The next proposition in The Lost World of the Flood by Tremper Longman III and John Walton puts it on the line. The flood was a real, devastating, event that lived in human memory in the ancient Near East. But it was a local flood not a global flood.
The author, narrator, of Genesis intentionally portrays the flood as a global flood making rhetorical use of hyperbole to convey an inspired and essential theological message.
The flood is used as a character in a story. As we read and study the story we are not called to consider the scientific feasibility of the flood, to search for geological evidence for the flood, to design a seaworthy boat capable of holding the necessary pairs of animals, or to identify the specific mountain on which the ark rests. This is colossal example of missing the point. Nor should we save the text by demonstrating that the author/narrator intended to describe a local flood. To do so diminishes the point the author was making through the intentional use of rhetorical hyperbole.
There are a number of significant elements to the story of the flood. One traditional interpretation of the flood story focuses on judgment, God’s judgment on sinful disobedience. This interpretation was developed in Jewish thinking and writing in the centuries leading up to the New Testament period. Echoes of this Jewish context and interpretation are found in New Testament references to the flood. An alternative interpretation focuses on the use of cosmic waters to obliterate disorder (evil and violence) and re-establish order in creation. These interpretations are not mutually exclusive and several ideas can be at play in the story. We should focus on the theological impact of the flood story and the way it is interpreted and used.
From Tremper and John:
The important point that we are making is that the literary-theological interpretation of the passage … takes precedence over the compulsion many feel to reconstruct the event itself. We contend, instead, the interpretation of the event by the biblical author takes pride of place and demands our intention as interpreters. (p. 95)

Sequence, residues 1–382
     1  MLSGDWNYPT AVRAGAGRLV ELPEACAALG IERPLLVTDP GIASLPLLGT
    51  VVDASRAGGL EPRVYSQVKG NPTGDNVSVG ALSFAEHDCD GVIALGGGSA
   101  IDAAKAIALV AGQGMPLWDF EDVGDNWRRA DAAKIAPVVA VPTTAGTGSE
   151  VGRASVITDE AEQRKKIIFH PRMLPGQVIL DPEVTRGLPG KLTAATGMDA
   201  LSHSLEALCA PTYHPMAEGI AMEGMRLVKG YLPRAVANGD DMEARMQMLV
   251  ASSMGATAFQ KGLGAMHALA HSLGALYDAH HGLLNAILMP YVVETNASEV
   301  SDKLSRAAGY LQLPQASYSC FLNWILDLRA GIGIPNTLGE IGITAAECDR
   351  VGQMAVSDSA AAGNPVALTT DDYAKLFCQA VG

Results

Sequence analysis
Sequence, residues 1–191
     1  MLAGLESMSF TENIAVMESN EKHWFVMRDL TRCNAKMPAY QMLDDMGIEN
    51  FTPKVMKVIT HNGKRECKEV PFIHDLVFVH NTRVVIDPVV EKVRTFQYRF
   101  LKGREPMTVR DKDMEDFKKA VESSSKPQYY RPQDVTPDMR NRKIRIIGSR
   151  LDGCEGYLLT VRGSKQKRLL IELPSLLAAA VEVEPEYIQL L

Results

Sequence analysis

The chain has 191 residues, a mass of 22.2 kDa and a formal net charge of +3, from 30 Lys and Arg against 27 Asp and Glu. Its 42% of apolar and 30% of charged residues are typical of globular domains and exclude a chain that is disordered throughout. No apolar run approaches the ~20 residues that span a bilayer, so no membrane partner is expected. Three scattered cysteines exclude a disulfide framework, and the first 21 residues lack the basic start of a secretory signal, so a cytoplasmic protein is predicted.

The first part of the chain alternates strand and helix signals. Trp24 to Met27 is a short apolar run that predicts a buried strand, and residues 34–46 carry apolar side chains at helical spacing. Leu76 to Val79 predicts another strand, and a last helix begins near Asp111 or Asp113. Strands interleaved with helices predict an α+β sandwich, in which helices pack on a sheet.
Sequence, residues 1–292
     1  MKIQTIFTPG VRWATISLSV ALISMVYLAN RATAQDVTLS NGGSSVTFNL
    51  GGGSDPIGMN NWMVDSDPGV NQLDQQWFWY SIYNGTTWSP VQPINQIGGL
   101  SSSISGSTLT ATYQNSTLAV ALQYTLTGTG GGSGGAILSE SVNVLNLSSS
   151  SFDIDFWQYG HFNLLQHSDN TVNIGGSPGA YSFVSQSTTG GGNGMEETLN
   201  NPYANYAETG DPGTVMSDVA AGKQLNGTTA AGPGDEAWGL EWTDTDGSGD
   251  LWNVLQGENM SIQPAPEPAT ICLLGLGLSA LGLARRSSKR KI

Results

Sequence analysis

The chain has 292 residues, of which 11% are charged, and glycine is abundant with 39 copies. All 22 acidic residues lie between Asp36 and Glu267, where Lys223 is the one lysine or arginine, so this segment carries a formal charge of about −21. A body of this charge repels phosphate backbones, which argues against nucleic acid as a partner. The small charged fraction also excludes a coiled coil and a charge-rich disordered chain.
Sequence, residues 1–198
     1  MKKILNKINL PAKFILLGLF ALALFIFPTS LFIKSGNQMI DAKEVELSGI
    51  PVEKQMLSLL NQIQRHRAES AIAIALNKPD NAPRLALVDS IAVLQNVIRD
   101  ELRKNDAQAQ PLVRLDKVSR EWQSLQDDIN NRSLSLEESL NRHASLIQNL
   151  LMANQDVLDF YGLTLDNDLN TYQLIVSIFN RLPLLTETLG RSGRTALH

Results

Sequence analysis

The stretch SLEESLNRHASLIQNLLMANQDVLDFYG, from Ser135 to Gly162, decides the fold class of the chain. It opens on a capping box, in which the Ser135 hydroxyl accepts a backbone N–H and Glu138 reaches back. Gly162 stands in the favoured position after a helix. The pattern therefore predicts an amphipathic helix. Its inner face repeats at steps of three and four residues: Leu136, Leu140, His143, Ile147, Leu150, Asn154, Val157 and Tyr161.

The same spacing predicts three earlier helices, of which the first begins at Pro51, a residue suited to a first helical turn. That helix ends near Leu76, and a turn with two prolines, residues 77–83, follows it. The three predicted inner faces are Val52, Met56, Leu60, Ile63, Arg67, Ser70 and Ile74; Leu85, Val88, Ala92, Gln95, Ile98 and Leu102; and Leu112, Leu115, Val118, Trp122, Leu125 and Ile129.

The New Testament authors used both the flood story and the Jewish interpretative tradition that had arisen over the last couple of centuries BC to make important theological points. Here too, the theological message takes precedence.
The New Testament writers have no independent access to the event. Their inspiration does not grant them insider information, only authoritative interpretation of the meaning of the flood event and its application. Furthermore, they may well pick up on something different in their interpretation of the flood to bring out a different perspective than what Genesis is doing. In other words, New Testament authors may repurpose an Old Testament account. (p. 96)
With respect to the argument that if Jesus (Mt. 24:37-39) and the New Testament authors “believed” the flood was global, who are we to dispute it …
The New Testament authors (and Jesus himself) are referring to the story in Genesis 6-9, which we have readily admitted, describes the flood in worldwide terms. We argue that the New Testament authors (and Jesus himself) were sophisticated enough to understand that (even if some modern readers are not). (p. 99)
There is no evidence that Jesus “believed” or “knew” the flood to be worldwide. There is only evidence in the Gospels that he used the flood story, well known to his audience, to make a theological point about judgment. It makes no difference whether or not Peter, Paul, or the authors of the Gospels thought the flood was global. The theological use of the story does not, in and of itself, eliminate the possibility that Genesis 6-9 uses rhetorical hyperbole to make a point.
Genesis is theological history and it is the theological interpretation that carries the message. Figurative language is used for impact and is not expected to be subjected to scientific study and validation. Frankly, such an approach is foreign to the day and age in which the story was told and the text was written.
I rather expect that Jesus would tell us to stop straining out gnats while swallowing camels.
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